Asian stocks rose on Tuesday as U.S. President Donald Trump’s return to the White House from hospital coupled with Joe Biden’s increasing lead in weekend polls in the U.S. presidential race helped reduce uncertainties surrounding the 2020 presidential election.
Rising optimism that U.S. lawmakers could agree on new stimulus also offered some support as talks between House Speaker Nancy Pelosi and Treasury Secretary Steven Mnuchin continued.
Markets in China were closed for the National Day holiday. Hong Kong’s Hang Seng index rose 0.90 percent to 23,980.65.
Japanese stocks closed higher as Trump returned to the White House and vowed to quickly get back on the campaign trail after being discharged from hospital.
The Nikkei average rose 121.59 points, or 0.52 percent, to 23,433.73, while the broader Topix index closed 0.52 percent higher at 1,645.75.
Market heavyweight SoftBank surged 2.4 percent, while automakers Toyota Motor, Nissan Motor, Mazda and Honda Motor rose 1-2 percent on a weaker yen.
Australian markets fluctuated before ending modestly higher as the central bank held key rates steady at a record low and hinted at further monetary easing.
The benchmark S&P/ASX 200 inched up 20.50 points, or 0.35 percent, to 5,962.10 ahead of the budget announcement. The broader All Ordinaries index ended up 29.10 points, or 0.47 percent, at 6,164.20.
Gold miner Northern Star Resources soared 10.6 percent after it agreed to buy smaller rival Saracen Mineral Holdings. Shares of the latter surged 9.6 percent.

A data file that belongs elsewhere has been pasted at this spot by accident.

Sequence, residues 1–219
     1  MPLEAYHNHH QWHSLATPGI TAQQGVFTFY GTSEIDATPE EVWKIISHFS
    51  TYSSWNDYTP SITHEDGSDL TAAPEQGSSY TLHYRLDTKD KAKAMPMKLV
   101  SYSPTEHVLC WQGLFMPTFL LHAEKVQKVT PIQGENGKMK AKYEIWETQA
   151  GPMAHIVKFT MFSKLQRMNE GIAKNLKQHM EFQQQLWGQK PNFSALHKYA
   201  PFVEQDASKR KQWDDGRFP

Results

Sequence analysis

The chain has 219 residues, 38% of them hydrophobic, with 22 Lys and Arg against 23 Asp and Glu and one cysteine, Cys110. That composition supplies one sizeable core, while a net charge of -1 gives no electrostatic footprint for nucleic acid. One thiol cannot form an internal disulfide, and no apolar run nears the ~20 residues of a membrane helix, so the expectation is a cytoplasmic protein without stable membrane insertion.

Energy stocks rallied as oil extended sharp overnight gains. Origin Energy, Woodside Petroleum, Beach Energy, Oil Search and Santos jumped 2-3 percent.
Technology stocks also rose, with Afterpay surging nearly 5 percent and Wisetech Global adding 2 percent.
In economic releases, a survey showed that the construction sector in Australia continued to contract in September, albeit at a slower pace. The merchandise trade surplus for August came in at A$2.643 billion – shy of expectations for a surplus of A$5.154 billion and down from A$5.607 billion in July.
Seoul stocks extended gains for the fifth day running on renewed optimism surrounding stimulus negotiations in the United States. The benchmark Kospii edged up 7.90 points, or 0.34 percent, to 2,365.90.
Top pharmaceutical firm Samsung Biologics rallied 3.9 percent and leading chemical firm LG Chem advanced 2.3 percent, while Hyundai Motor, the country’s largest automaker, declined 2.4 percent.
Consumer prices in South Korea were up an annual 1.0 percent in September, Statistics Korea said today – exceeding expectations for a gain of 0.7 percent, which would have been unchanged from August.
On a monthly basis, inflation rose 0.7 percent – again beating forecasts for 0.4 percent and up from 0.6 percent in the previous month.
New Zealand shares rose notably, with the benchmark NZX 50 index rising 76.76 points, or 0.65 percent, to 11,975.02, led by travel-related stocks. Air New Zealand climbed 3.7 percent after its restructure announcement.
U.S. stocks rose sharply overnight to reach their best closing levels in a month, as concerns about President Trump’s Covid-19 health dissipated and data showed the U.S. services sector grew for a fourth straight month in September.
The Dow rallied 1.7 percent, the tech-heavy Nasdaq Composite spiked 2.3 percent and the S&P 500 surged 1.8 percent.
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